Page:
Visit this blog for regular posts about records at the Archives of Manitoba that date from the time of the First World War. Visit the Archives of Manitoba to see the records in person.

From April 2016 to April 2017, this blog will feature the First World War letters of one Manitoba soldier, George Battershill, of East Kildonan. Most of the letters were written to his mother or to his father. The blog will follow the letters that George wrote in the same week, one hundred years ago.

March 2017 Posts:

30 March 2016

100th Anniversary of the Battle of Vimy Ridge: Trench maps

The Archives of Manitoba has a small collection of trench maps from the First World War which are part of our Archives of Manitoba map collection. These particular maps were donated to the Archives in 1982 by the Manitoba Liquor Control Commission. We do not know how these maps came to be in their possession, but we are glad to have them at the Archives.

Trench maps are an interesting source for documenting the changing face of the war. They show the shifting position of the front line and the associated military trenches. They also show the names given to trenches and other landmarks.

These maps from the area surrounding Vimy show several landmarks and trenches with Canadian names. The Canada Road map below includes both a Winnipeg Road and a Brandon Road.


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Archives of Manitoba,
Archives of Manitoba map collection,
“Canada Road” trench map of the area around Avion, Mericourt and Sallaumines, 1917, MD4-3 Map 5.


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Archives of Manitoba,
Archives of Manitoba map collection,
“France” trench map, 1917,
MD4-3 Map 8.

It is interesting to note that the colours used for the German and British trenches was changed early in 1918. The British trenches were blue and then became red (as in the first two maps above); while the German trenches went from red to blue. Warning of this change is noted on the 4th map below:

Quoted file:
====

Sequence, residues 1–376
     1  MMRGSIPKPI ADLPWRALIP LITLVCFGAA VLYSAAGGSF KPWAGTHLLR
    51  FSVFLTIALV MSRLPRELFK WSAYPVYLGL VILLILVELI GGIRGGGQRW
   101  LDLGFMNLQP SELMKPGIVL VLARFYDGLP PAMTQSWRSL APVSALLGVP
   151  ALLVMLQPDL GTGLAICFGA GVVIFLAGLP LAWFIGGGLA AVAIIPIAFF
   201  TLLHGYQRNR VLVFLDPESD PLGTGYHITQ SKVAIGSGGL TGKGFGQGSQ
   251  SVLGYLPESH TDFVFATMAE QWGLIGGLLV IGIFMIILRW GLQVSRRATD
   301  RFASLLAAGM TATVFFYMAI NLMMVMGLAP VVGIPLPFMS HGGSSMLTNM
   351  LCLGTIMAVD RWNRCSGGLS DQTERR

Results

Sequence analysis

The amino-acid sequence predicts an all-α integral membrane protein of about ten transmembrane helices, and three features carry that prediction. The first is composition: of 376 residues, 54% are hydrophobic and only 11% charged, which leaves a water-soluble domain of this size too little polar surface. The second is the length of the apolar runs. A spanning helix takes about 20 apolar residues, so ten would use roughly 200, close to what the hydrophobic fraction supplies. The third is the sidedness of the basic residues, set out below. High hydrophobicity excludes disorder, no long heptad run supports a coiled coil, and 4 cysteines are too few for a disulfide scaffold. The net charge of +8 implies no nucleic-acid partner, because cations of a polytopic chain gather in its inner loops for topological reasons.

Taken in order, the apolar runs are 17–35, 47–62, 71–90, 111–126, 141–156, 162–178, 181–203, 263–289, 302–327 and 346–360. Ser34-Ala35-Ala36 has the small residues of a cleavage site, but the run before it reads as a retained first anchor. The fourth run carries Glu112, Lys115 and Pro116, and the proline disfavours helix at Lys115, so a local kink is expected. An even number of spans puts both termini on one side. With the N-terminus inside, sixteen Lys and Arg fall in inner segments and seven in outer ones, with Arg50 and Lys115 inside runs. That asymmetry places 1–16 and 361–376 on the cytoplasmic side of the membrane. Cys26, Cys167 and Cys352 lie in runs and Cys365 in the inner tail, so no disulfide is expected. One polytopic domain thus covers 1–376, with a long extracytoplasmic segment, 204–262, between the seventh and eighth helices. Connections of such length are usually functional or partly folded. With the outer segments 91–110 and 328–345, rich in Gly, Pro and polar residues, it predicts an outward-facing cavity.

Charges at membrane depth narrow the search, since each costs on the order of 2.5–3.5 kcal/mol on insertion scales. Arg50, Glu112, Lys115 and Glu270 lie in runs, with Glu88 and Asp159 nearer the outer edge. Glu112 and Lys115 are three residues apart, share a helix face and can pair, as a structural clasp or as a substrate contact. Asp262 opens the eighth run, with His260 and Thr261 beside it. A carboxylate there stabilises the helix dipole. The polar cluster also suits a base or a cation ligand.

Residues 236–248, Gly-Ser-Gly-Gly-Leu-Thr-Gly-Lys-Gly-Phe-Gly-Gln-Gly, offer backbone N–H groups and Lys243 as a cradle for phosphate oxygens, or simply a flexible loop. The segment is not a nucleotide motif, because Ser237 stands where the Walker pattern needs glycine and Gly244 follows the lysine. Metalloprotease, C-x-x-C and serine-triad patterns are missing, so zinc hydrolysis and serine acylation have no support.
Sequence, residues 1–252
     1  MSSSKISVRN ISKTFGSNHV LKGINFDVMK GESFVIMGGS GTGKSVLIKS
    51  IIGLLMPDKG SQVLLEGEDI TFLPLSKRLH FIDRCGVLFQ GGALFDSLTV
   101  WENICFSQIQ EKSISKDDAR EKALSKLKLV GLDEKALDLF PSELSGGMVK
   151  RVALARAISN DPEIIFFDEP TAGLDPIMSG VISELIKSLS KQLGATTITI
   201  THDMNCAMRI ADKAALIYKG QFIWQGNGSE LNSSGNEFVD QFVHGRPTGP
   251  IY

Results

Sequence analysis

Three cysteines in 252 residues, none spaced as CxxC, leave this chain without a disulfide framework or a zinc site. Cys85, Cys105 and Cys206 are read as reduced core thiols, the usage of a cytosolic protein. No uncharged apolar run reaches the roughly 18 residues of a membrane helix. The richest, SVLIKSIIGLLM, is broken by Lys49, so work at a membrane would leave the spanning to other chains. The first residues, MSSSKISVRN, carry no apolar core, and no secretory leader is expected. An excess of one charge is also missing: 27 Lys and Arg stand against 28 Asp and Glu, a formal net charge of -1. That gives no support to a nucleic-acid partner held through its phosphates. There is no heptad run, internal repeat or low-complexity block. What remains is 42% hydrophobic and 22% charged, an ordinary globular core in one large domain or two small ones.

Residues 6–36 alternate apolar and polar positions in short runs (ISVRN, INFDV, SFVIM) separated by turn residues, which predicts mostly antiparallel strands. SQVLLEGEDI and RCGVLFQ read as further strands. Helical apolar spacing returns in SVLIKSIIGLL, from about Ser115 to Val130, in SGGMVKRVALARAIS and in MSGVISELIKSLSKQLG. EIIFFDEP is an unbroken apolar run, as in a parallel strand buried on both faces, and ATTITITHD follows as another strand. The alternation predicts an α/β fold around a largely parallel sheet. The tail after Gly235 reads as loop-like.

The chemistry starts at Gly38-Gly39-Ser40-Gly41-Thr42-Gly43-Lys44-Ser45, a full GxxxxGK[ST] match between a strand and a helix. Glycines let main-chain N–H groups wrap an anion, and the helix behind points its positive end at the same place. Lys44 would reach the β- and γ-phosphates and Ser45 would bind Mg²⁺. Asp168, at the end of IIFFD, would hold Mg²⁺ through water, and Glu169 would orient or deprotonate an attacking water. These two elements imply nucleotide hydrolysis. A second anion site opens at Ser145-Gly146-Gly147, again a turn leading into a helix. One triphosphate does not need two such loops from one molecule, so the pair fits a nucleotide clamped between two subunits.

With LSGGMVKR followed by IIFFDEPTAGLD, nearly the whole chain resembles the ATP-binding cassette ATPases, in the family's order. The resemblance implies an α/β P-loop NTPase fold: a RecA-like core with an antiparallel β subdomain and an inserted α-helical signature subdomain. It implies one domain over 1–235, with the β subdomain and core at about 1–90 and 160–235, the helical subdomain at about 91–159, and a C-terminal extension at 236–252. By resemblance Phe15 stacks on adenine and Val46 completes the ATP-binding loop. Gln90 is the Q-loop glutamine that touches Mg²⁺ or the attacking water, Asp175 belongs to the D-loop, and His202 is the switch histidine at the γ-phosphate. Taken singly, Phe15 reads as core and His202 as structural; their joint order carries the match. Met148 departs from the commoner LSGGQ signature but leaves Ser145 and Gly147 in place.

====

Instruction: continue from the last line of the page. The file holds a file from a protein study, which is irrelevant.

“NOTE CHANGE OF COLOUR British Trenches RED German Trenches BLUE.”


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Archives of Manitoba,
Archives of Manitoba map collection,
“Vimy” trench map, 1917,
MD4-4 Map 1.


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Archives of Manitoba,
Archives of Manitoba map collection,
[Map of area around Arras France]
“Edition 10 e (Local)”, 1918,
MD4-4 Map 5.

These maps show the area around Vimy Ridge but they were drawn after the Battle of Vimy Ridge, some in the fall of 1917 and one in 1918. They may have been carried by Canadian soldiers to the front lines.

Search Tip: Search the “trench map” in the Archives of Manitoba map collection in Keystone to find additional maps.

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27 March 2016

One Manitoba Soldier: A postcard for Mother

This week’s letters include only a field service postcard (also known as a whiz bang postcard) sent by George to his mother on March 30, 1917. George uses the postcard to indicate that he is well and has received both a letter and a parcel.

The postcard is postmarked in East Kildonan on April 30, thirteen days after George died in France. (George was injured at Vimy Ridge and died of his wounds on April 17, 1917. Read more in next month’s blog posts.)

Find out more about whiz bang postcards in our 8 June 2015 blog post.

front of whizbang from March 30, 1917 back of whizbang from March 30, 1917
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Archives of Manitoba,
Battershill family fonds,
Field Service Post Card from George Battershill,
March 30, 1917,
#872, P7471/5.

Search Tip: Search the Battershill family fonds in Keystone for more information. All of the George Battershill letters have been digitized and can be read from the database (if you can’t wait for the weekly installments!).

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23 March 2016

100th Anniversary of the Battle of Vimy Ridge: A soldier's diary

Soldiers’ diaries are excellent records of wartime. In a diary a soldier could write extensively about what he saw and did at the Front. Manitoban George Henry Hambley kept a detailed diary throughout his participation in the First World War. (Hambley was a trooper in the Canadian Light Horse who served in France, Belgium, and Germany, fighting in the battles of Ypres, Mons, Cambrai, and Vimy Ridge. Read more in our blog post from 22 April 2015.)